These shots are fired, and they may have no effect. After the two punches do not take immediate effect, the third shot is delivered to a more vulnerable area. The cranio ocular area is a tough target.
If two shots to the chest do not have affect, a third shot is quickly fired either to the head (if possible) or the pelvic girdle. The heavy bones of the pelvis are a good target. If broken, they will result in collapse. There are vulnerable arteries in the pelvic region that produce blood flow and loss of blood pressure and collapse. The pelvic shot is preferable to the cranio ocular shot in terms of being easier to hit quickly.
When faced with a threat, the problem is the same whichever handgun you deploy. If you are skilled in the basics of marksmanship, these drills will be mastered quickly with practice.
A Glock or similar striker-fired pistol gives good results. A steel-frame 1911 .45 is controllable and offers good hit potential. A 10mm isn’t as fast, but it hits hard. A .357 revolver with a medium frame and good trigger action is manageable.
Some types of handguns give poor results. A snub .38 is very difficult to use well. A compact .40 or 10mm is difficult to control. It is laughable to the point of absurdity to attempt a speed drill with a derringer single-action revolver or air weight frame magnum. Many who deploy these handguns are in the unenviable position of being armed with a deadly weapon they are unable to use well.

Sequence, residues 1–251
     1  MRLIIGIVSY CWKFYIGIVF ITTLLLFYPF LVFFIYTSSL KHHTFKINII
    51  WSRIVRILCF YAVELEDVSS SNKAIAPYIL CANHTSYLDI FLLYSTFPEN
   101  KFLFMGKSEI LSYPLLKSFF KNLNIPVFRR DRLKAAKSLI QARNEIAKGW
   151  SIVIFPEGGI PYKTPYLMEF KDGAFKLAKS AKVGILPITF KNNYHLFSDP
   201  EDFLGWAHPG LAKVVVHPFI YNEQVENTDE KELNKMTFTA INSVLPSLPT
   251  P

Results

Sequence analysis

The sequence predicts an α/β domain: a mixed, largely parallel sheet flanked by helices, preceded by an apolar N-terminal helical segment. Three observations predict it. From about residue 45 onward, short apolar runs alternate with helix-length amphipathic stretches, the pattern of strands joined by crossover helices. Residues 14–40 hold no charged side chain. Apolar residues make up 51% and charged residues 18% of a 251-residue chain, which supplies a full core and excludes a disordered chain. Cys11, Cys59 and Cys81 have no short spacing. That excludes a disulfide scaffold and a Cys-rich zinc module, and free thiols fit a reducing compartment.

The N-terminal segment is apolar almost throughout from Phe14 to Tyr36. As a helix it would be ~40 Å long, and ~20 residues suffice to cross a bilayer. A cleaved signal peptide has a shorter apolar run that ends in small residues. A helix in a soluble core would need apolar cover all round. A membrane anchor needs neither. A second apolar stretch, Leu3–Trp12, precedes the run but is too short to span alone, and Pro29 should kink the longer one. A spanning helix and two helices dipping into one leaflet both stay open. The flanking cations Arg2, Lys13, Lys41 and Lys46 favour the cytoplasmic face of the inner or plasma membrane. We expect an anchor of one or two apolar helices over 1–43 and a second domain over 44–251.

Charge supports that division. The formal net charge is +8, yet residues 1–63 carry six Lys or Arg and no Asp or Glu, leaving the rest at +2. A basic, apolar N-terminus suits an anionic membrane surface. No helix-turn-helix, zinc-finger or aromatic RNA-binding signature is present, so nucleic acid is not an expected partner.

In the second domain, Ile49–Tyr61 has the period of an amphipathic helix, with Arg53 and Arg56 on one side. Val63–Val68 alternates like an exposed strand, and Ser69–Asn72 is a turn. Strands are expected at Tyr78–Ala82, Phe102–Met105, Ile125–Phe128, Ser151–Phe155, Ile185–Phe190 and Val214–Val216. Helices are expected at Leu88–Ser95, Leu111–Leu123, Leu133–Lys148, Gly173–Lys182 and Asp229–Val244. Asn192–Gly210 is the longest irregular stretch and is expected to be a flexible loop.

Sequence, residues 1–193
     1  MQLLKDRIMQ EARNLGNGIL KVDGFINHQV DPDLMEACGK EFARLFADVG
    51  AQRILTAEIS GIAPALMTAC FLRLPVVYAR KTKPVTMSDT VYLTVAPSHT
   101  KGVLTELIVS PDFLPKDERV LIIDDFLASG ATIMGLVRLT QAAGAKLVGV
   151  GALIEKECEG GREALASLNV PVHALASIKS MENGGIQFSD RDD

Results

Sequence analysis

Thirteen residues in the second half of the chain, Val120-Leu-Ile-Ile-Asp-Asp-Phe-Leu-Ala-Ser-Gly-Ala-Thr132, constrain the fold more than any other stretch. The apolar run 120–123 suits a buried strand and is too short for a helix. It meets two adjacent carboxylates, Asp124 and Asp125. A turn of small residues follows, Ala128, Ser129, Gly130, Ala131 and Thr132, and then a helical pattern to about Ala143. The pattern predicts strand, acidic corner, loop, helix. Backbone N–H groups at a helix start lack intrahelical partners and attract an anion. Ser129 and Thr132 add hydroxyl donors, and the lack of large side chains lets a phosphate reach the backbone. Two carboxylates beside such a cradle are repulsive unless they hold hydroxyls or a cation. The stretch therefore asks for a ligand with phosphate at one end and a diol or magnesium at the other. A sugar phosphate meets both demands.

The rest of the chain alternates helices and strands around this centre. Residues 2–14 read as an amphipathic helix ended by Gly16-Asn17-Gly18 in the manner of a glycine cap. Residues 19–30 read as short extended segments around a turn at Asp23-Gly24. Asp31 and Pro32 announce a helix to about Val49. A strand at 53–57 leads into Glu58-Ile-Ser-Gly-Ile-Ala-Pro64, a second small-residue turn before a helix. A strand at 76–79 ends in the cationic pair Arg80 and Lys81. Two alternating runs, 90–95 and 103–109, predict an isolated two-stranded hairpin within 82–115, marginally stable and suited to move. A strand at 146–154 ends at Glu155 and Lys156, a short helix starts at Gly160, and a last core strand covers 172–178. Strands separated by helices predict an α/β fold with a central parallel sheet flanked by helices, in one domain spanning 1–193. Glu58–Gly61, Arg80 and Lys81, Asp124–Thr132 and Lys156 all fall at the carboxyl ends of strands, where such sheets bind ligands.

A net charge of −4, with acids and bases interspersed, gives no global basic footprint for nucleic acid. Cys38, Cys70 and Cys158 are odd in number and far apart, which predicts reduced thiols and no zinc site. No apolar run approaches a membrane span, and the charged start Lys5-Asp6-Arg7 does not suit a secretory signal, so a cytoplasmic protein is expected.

As with all speed shooting, keep a firm grip. Fire, then allow the trigger to reset as you bring the sights back on target after recoil. Align the sights and fire again.
Great story. Will definitely be practicing these drills myself more often.
Movement, getting off the X is very important.
Mr Rehsume Thanks for reading and thanks for your service.
I believe you have it backwards.
If first shot is to the head, no need for a chest shot is there?
Center mass, center of visible target, is the first shot.
Head shot is a failure to stop drill.
Double tap with first shot to head, second to chest. Triple tap is 2nd and 3rd to chest.
Once a comfortable level is reached doing the basic drills, it’s a good idea to add some shooter movement into the drill, if possible.
Always a good idea to mix up your drills so as to build dynamic ability.
I warm up with Controlled Pairs and pick up the speed to Double Taps, then move to what I’ll call the “Zipper.” The Zipper being a “triple-tap” that starts at center-mass or high-thoracic and moves upward with the third round a cranial hit at the speed/cadence of the double-tap. Distance to target: 3 to 5 yards.
Modern defensive training, including law enforcement training, focuses on shooting till the threat goes down. More often than not this seems to involve dumping half the magazine at the target. I was taught the old double-tap technique and still prefer it, especially with the price of ammo being what it is today. 🙂
Great article. Retired LEO of 35.5 years. I still practice these drills. I am not a firearms instructor but I am helping friends to shoot. We practice these drills. Thank you for the article.